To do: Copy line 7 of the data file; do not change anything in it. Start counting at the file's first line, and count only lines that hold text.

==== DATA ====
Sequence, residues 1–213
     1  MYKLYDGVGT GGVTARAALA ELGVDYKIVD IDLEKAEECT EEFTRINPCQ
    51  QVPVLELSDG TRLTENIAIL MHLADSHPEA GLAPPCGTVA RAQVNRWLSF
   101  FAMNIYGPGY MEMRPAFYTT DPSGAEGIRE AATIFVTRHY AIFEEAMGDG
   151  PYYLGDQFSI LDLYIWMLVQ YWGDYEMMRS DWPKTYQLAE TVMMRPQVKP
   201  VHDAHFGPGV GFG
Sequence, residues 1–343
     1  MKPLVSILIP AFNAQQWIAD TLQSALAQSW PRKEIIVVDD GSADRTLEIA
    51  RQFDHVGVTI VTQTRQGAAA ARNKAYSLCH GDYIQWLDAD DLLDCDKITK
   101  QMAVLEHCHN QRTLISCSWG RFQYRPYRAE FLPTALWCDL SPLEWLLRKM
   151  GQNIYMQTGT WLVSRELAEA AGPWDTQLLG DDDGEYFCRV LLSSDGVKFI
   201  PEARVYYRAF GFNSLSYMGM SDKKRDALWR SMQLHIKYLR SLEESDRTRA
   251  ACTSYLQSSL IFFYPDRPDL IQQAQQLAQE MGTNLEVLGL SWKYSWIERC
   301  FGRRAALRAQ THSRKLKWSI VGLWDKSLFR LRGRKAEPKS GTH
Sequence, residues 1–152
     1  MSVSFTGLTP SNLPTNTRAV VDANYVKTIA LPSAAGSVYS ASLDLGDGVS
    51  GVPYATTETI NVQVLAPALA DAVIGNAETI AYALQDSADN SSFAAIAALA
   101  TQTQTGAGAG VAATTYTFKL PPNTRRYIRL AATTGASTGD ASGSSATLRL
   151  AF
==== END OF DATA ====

Sequence, residues 1–343